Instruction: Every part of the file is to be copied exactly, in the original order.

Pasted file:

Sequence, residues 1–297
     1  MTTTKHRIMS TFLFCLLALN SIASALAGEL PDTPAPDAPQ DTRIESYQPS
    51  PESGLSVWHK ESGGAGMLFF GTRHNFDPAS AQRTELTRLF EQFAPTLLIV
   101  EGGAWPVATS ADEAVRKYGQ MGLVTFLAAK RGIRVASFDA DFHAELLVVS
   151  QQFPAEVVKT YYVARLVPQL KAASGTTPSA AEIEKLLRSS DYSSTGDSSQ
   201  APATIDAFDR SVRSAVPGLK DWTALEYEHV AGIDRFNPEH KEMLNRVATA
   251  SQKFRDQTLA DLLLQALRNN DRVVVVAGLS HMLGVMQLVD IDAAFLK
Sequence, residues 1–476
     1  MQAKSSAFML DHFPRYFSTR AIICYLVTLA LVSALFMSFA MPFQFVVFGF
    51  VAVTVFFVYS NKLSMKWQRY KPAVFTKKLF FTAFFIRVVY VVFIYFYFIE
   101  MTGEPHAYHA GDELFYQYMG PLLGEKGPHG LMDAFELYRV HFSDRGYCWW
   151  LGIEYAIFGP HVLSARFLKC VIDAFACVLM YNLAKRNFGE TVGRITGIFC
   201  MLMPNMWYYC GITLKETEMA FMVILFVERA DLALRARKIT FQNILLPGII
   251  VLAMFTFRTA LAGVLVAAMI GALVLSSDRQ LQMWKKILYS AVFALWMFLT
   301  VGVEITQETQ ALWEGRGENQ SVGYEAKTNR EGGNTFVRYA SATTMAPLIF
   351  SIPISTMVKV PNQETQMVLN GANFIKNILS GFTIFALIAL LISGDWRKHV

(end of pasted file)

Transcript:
Sequence, residues 1–297
     1  MTTTKHRIMS TFLFCLLALN SIASALAGEL PDTPAPDAPQ DTRIESYQPS
    51  PESGLSVWHK ESGGAGMLFF GTRHNFDPAS AQRTELTRLF EQFAPTLLIV
   101  EGGAWPVATS ADEAVRKYGQ MGLVTFLAAK RGIRVASFDA DFHAELLVVS
   151  QQFPAEVVKT YYVARLVPQL KAASGTTPSA AEIEKLLRSS DYSSTGDSSQ
   201  APATIDAFDR SVRSAVPGLK DWTALEYEHV AGIDRFNPEH KEMLNRVATA
   251  SQKFRDQTLA DLLLQALRNN DRVVVVAGLS HMLGVMQLVD IDAAFLK
Sequence, residues 1–476
     1  MQAKSSAFML DHFPRYFSTR AIICYLVTLA LVSALFMSFA MPFQFVVFGF
    51  VAVTVFFVYS NKLSMKWQRY KPAVFTKKLF FTAFFIRVVY VVFIYFYFIE
   101  MTGEPHAYHA GDELFYQYMG PLLGEKGPHG LMDAFELYRV HFSDRGYCWW
   151  LGIEYAIFGP HVLSARFLKC VIDAFACVLM YNLAKRNFGE TVGRITGIFC
   201  MLMPNMWYYC GITLKETEMA FMVILFVERA DLALRARKIT FQNILLPGII
   251  VLAMFTFRTA LAGVLVAAMI GALVLSSDRQ LQMWKKILYS AVFALWMFLT
   301  VGVEITQETQ ALWEGRGENQ SVGYEAKTNR EGGNTFVRYA SATTMAPLIF
   351  SIPISTMVKV PNQETQMVLN GANFIKNILS GFTIFALIAL LISGDWRKHV